NSW low-range drink drivers to lose licences immediately

NSW low-range drink drivers to lose licences immediately

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“This reform makes it clear, if you break the law, you will pay the price. We are taking a zero-tolerance approach to drink- and drug-driving.”

Drivers can appeal against the suspension through the courts but all drivers will initially lose their licences. Previously, they could keep their licences if they challenged the matter in court.

NSW Transport and Roads Minister Andrew Constance said the government would take a zero-tolerance approach to drink-driving.Credit:David Porter

In NSW, about 56 per cent of low-range drink-drivers escape any punishment when the matter reaches the court system, Mr Constance said.

“This now changes that. Anyone caught drink-driving, you will lose your licence,” he said.

“Ultimately we want to do anything we can to lower the road toll so the message has to be clear that, as of May 20, if you are breathalysed with a low range, you will have an immediate three-month suspension.”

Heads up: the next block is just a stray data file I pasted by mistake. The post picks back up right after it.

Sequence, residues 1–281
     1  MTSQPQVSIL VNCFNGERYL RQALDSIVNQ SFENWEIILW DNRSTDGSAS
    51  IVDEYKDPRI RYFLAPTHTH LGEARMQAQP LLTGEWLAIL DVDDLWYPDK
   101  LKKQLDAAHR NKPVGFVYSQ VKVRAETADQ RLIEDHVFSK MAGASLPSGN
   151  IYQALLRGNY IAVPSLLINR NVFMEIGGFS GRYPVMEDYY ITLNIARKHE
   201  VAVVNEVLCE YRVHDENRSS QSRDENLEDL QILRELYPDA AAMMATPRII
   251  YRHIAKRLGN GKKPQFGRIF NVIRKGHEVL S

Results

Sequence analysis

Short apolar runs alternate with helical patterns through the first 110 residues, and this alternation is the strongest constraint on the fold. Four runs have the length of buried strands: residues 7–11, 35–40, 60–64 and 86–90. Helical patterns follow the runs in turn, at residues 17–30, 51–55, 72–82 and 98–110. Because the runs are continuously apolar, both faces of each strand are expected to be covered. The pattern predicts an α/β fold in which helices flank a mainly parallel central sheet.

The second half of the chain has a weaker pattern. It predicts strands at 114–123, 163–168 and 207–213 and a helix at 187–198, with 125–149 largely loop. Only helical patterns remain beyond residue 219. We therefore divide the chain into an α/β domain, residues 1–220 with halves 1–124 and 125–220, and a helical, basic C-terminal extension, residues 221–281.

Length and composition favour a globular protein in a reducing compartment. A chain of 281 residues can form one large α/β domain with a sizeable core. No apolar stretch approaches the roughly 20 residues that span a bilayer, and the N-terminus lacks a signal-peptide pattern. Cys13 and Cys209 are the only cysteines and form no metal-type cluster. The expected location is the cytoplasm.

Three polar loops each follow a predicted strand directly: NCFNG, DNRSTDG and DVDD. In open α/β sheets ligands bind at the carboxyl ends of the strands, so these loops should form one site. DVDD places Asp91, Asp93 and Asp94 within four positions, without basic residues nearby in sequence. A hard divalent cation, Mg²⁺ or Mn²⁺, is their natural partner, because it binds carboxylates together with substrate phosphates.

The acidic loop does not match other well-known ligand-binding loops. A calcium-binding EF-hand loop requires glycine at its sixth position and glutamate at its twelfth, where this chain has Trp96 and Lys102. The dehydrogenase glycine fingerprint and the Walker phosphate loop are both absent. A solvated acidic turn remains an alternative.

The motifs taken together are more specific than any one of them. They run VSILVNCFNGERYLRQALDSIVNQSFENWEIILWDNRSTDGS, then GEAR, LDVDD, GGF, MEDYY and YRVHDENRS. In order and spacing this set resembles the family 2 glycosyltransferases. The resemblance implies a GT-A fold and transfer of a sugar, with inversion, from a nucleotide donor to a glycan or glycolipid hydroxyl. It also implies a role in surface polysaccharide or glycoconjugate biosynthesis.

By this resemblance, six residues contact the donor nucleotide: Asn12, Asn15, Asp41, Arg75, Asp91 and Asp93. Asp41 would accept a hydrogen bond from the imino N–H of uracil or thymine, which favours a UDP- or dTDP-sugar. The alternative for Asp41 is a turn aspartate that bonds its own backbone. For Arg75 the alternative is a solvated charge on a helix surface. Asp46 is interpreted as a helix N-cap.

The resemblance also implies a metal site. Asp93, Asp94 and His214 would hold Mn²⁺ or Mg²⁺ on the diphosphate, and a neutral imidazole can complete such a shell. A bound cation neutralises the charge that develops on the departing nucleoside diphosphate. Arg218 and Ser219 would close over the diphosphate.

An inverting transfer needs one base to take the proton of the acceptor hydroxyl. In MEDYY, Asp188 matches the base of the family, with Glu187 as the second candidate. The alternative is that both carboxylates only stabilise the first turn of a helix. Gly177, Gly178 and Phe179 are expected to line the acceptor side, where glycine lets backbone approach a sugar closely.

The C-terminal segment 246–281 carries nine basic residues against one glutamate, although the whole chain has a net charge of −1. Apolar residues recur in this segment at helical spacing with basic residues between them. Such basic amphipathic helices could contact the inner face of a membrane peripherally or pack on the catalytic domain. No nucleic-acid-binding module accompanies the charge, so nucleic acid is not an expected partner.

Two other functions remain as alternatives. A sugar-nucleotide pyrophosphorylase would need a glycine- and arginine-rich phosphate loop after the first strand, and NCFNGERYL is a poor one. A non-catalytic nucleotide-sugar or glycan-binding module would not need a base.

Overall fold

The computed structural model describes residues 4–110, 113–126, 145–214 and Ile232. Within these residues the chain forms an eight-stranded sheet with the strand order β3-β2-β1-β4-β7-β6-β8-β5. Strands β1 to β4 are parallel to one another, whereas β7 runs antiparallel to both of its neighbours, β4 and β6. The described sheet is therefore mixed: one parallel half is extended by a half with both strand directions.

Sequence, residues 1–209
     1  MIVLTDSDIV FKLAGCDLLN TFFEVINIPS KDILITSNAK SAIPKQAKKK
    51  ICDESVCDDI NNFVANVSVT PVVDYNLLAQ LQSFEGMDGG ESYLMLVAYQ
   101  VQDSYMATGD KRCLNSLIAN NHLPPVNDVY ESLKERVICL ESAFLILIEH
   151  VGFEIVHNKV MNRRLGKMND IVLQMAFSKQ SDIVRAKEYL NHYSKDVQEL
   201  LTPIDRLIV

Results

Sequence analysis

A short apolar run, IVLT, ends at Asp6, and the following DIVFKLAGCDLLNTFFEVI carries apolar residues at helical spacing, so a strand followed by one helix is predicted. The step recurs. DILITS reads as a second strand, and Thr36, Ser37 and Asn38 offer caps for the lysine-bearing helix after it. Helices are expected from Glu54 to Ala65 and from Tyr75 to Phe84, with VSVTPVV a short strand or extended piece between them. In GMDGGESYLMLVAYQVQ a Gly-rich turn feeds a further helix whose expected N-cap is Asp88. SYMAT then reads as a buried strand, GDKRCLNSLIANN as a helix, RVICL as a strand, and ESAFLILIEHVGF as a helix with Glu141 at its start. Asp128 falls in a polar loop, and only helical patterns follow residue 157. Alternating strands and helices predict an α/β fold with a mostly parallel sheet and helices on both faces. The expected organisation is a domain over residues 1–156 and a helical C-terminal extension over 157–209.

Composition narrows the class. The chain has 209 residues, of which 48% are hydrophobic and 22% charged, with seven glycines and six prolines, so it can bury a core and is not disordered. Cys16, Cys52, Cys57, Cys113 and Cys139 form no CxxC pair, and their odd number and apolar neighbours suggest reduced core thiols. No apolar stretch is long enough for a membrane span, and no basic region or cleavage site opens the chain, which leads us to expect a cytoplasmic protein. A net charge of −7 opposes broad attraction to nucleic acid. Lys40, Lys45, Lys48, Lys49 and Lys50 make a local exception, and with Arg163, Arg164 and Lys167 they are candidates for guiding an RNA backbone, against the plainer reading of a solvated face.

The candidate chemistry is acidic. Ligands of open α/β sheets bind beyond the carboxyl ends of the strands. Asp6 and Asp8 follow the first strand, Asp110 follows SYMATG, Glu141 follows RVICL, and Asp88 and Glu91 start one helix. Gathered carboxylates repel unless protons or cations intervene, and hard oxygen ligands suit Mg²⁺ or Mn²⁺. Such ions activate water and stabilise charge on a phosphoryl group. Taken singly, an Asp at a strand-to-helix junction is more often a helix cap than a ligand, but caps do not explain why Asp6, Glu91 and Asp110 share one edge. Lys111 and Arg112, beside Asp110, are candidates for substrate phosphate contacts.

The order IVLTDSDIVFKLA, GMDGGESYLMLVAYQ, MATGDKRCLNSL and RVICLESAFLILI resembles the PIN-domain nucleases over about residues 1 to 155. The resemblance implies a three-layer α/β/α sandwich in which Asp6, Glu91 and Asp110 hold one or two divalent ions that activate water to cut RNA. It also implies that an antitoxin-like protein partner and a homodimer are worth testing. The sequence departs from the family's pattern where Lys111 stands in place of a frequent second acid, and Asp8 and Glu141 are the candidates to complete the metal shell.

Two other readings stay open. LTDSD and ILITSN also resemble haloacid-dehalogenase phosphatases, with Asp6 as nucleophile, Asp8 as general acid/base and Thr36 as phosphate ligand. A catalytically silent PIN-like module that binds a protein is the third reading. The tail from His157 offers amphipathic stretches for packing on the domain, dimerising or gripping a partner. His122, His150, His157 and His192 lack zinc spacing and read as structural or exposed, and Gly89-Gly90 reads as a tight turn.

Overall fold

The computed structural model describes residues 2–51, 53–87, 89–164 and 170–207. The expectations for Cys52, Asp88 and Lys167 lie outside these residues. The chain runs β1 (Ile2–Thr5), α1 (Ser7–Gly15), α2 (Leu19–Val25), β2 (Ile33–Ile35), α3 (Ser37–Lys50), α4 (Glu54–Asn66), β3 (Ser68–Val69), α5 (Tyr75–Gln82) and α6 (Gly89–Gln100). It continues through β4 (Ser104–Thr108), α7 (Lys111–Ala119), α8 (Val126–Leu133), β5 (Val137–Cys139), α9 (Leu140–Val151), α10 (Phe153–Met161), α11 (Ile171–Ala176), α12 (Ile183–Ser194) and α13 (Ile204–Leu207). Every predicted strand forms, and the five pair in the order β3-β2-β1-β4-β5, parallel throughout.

Mr Constance said alcohol-related crashes killed at least 68 people on NSW roads last year, accounting for nearly one in five road deaths, including 55 lives lost on country roads.

Fatalities from crashes involving a drug-driver accounted for similar numbers of deaths, he said.

Under the new laws, the penalties for drug-drivers will also be simplified.

Offenders who drive with the presence of illicit drugs will receive a $561 fine and a three-month licence suspension if the offence is confirmed by laboratory analysis.

Assistant Police Commissioner Michael Corboy said the new reforms would protect all road users by ensuring “swift and certain penalties”.

“Alcohol is one of the major factors in crashes that kill or injure people on NSW roads. The .05 blood alcohol limit has been in place for almost 38 years. There are no more excuses,” he said.

Assistant Commissioner Corboy said most drink-driving deaths were in regional NSW, largely western and northern NSW.

He said the new regime would also allow police to spend less time preparing matters for court.

“For us, this really gives us some consistency across the state,” he said.

Alexandra Smith is the State Political Editor of The Sydney Morning Herald.

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